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PIGEONS

A pigeon slowly walks up a course of roof tiles to the pitch. Its gait is deliberate, and its head is bent forward to be sure it doesn't slide off the hump back of the clay tile. There's nothing up there on the pitch but more tiles, each running piggy-back east to west, with a little cement here and there to anchor them against a stiff wind. But the pigeon expresses no frustration or boredom in its steady absorption with its task. I admire it from my bedroom window, which looks down on the higgledy-piggledy ridges, all of them looking a bit like a Chinese puzzle.

Why isn't the pigeon tired of all this meaningless pacing? It can fly, it can even soar above the village, and scoop oblique tangents off the hazy blue slopes of the Luberon across the valley. But it doesn't. It has the mind of an aging shopkeeper, someone who has dropped coins into a till for the past thirty years and stopped dreaming of a larger world.

The pigeon doesn't ask the right questions. There is no measure of time in its brief life. It walks up the side of the roof to the top and continues its purposeful stride along the ridge and then what? It flies away. That's it. In another hour or so, it will find a similar roof, or perhaps the very same one, in which to point its feet and mince its snail-paced way up to the ridge again. It will have presented its ephemeral coupon of a day to be canceled out by the sun, and without eagerness or prayer, or even an old lover to think about, will wake at dawn among the darting swallows of the village, and warm its breast feathers before eating a few stray seeds, and resume the routine of its roof march by mid-day.

I once saw a man in a faded uniform and tattered leather cross-belts standing on a quay of the industrial side of Venice. His trousers had been patched many times, and the visor of his cap, still shiny, drooped against the rivets holding it up. His mouth had lost all expression, but he could manage the smallest greeting and allow you to see that most of his front teeth were missing. He stood there in the thin black shadow of eternity, guarding the landscape of concrete and rusting booms. He was another pigeon, without a roof to climb, but with a commitment to proceed to the bitter end of his mortal span.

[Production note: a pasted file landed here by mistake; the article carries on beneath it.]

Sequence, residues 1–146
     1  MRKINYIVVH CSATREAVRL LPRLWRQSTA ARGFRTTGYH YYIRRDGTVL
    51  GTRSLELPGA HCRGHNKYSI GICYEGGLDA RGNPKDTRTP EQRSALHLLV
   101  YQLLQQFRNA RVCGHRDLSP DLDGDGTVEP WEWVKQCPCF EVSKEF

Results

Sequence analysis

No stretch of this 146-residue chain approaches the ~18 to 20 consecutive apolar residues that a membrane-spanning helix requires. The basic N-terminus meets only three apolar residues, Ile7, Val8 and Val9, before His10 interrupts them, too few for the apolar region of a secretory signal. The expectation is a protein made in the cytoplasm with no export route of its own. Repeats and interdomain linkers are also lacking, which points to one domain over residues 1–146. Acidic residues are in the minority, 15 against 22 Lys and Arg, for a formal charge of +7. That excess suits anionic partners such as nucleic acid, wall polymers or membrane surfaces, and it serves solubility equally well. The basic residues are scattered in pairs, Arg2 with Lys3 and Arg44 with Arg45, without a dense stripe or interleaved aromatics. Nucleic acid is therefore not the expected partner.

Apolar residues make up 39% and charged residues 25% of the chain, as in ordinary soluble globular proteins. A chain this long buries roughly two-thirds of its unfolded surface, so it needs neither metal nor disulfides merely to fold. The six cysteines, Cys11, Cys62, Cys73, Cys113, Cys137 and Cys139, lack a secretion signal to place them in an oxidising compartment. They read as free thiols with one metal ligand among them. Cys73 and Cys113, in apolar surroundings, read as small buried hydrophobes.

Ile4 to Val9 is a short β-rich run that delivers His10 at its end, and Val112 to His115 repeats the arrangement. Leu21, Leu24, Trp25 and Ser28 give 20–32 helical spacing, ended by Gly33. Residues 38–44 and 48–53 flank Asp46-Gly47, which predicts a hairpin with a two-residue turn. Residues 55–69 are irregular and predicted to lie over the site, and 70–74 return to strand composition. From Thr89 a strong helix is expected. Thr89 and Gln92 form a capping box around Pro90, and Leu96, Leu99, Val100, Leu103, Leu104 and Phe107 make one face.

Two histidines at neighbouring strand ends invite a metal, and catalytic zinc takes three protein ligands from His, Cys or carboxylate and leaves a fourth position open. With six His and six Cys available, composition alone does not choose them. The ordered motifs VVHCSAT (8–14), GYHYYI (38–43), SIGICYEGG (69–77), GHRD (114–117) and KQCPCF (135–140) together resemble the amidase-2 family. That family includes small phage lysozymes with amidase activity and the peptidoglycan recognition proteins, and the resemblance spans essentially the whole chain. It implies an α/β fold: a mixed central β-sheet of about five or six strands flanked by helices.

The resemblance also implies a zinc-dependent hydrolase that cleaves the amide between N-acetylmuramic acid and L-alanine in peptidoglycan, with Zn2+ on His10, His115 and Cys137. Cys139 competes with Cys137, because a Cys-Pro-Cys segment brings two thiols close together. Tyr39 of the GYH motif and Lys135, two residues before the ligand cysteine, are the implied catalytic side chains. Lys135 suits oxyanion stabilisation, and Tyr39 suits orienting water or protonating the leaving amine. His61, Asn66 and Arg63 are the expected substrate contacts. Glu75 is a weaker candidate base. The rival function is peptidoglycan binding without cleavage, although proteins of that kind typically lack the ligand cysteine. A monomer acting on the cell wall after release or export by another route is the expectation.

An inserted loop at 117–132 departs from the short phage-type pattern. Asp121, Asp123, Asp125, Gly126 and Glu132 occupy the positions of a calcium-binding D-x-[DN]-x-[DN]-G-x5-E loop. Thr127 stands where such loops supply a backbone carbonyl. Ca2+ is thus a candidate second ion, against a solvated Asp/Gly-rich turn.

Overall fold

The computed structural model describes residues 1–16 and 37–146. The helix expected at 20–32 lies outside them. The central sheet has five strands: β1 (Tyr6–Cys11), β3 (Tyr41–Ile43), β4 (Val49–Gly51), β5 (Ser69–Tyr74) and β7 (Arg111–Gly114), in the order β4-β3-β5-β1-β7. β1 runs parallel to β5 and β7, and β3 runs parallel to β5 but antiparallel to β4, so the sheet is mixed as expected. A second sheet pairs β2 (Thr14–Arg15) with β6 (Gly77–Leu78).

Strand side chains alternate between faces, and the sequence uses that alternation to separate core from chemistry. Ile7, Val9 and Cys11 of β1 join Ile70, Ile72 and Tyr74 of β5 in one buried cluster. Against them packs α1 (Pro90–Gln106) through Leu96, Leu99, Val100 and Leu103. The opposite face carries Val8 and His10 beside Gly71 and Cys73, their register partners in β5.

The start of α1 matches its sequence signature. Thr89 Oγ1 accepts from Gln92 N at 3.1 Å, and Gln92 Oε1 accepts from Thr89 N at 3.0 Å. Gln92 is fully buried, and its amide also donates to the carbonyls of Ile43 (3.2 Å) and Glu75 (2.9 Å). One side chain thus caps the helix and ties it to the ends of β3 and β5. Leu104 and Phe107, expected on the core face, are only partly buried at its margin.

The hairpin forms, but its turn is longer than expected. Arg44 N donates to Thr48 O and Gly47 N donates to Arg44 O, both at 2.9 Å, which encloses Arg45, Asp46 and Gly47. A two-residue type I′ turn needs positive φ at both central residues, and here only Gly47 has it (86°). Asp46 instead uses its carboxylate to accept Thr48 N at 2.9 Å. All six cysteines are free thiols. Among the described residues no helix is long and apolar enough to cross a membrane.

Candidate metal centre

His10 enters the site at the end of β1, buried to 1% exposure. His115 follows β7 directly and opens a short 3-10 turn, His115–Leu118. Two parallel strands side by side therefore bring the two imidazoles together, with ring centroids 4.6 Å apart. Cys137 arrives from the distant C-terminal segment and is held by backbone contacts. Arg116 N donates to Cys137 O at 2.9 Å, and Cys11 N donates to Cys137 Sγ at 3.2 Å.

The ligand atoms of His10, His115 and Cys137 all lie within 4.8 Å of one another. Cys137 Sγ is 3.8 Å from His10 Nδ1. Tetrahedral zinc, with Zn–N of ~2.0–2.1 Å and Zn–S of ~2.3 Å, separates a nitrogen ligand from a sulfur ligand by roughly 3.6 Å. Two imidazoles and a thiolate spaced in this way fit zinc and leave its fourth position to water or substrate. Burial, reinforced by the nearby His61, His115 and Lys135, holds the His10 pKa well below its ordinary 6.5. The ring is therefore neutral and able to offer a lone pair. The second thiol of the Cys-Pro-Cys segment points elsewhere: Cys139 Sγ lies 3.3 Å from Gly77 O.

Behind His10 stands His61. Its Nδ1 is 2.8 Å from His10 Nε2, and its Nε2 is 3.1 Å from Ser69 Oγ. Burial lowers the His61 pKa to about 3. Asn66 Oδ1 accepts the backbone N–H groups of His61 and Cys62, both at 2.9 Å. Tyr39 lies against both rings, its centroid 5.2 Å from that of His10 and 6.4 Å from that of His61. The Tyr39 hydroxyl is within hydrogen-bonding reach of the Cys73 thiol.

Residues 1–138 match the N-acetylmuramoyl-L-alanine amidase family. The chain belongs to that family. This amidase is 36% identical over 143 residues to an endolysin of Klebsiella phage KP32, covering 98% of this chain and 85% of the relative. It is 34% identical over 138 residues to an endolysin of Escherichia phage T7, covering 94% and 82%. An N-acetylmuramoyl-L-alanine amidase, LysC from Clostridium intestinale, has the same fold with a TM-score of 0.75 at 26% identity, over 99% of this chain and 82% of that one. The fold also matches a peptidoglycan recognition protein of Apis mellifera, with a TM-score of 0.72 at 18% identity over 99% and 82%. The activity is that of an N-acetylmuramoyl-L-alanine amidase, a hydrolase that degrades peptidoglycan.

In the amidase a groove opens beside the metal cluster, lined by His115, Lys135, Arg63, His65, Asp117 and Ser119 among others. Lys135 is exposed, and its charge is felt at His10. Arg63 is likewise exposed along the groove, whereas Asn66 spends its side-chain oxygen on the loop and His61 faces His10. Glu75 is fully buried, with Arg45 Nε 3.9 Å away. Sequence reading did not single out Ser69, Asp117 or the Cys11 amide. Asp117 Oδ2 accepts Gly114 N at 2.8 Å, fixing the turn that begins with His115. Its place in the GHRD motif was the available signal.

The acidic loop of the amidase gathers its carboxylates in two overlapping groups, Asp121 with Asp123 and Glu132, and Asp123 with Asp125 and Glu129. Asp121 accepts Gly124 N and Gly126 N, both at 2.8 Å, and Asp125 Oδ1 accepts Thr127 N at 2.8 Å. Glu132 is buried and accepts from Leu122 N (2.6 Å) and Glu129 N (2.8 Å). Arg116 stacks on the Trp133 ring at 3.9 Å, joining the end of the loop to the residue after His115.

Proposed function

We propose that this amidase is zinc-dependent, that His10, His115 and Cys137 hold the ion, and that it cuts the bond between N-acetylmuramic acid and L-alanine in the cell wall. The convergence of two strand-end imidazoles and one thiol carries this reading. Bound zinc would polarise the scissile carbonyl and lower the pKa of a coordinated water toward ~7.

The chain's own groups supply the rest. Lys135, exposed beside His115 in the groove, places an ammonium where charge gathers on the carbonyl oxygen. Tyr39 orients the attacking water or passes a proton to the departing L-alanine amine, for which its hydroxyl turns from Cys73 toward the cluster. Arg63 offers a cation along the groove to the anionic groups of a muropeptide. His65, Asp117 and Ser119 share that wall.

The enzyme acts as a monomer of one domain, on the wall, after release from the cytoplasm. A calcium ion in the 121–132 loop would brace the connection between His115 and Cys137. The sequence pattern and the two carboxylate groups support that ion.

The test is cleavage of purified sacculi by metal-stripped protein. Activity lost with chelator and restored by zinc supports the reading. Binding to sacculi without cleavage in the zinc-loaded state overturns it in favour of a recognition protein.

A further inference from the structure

At home, I assumed, was his wife in a frayed apron stirring a pot on the gas stove, and putting down the smudged bottle of red wine next to a jar. Some bread had been sliced and piled up beside a cruet of olive oil. The walls were cracking with old enamel, and the floor sagged under the iron sink. His bed was made, and his robe hung on the bathroom door. Everything awaited his footstep, and the shadows flickered in the windows as pigeons rose and fell out of the sky.

The first girl I ever kissed was taller than me and a year older. She wore braces and her mother twisted her hair into tortured braids. She was always tucking loose hairs behind her ears. She lived in a row house at the end of the block and her father wore brown suspenders and smoked a pipe. She seemed happy enough and when I kissed her, her knees pressed against mine with affection. Her mother smoked cigarettes on the little concrete terrace, and balanced a tumbler of iced tea on the iron railing. She was a homely woman and would have been astonished to find a pigeon climbing up the narrow path of tiles on a roof in southern France. So little captured her attention in those sooty, monotonous years after the Second World War. She spoke with a German accent, which embarrassed her before strangers. She must have felt it betrayed something in her character that pointed back to the Holocaust. But she was generous to me, and always expected that I would enter the house famished for a slice of Bundt cake and a tall glass of milk.

When Dorothy, my girlfriend, leaned over to kiss me, her legs went crooked, with one shoe over the other. She would stroll down the street with me and people would notice her pigeon-toed gait. It amused them to see such a skinny blond girl walk like a bird. I knew I wouldn't be with her long; she wasn't eager to form a real relationship with me. No doubt she was holding out for someone older who might take chances with her, and push her too far. But I was there, ready to be kissed, ready to hold her hand in the twilight, and to hear her father clear his throat behind the screen door to announce that dinner was ready.